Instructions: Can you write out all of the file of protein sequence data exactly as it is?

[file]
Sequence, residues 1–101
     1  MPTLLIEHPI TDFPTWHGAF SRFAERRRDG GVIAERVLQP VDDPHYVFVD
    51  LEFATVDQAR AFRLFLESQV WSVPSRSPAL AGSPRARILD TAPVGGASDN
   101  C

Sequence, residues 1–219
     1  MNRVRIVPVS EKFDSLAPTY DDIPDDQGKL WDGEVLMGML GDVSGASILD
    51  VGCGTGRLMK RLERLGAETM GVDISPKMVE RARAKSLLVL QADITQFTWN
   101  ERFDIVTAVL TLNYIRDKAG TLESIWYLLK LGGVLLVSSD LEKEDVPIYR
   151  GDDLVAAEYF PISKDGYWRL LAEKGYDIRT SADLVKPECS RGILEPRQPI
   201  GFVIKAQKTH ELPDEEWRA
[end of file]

Sequence, residues 1–101
     1  MPTLLIEHPI TDFPTWHGAF SRFAERRRDG GVIAERVLQP VDDPHYVFVD
    51  LEFATVDQAR AFRLFLESQV WSVPSRSPAL AGSPRARILD TAPVGGASDN
   101  C

Sequence, residues 1–219
     1  MNRVRIVPVS EKFDSLAPTY DDIPDDQGKL WDGEVLMGML GDVSGASILD
    51  VGCGTGRLMK RLERLGAETM GVDISPKMVE RARAKSLLVL QADITQFTWN
   101  ERFDIVTAVL TLNYIRDKAG TLESIWYLLK LGGVLLVSSD LEKEDVPIYR
   151  GDDLVAAEYF PISKDGYWRL LAEKGYDIRT SADLVKPECS RGILEPRQPI
   201  GFVIKAQKTH ELPDEEWRA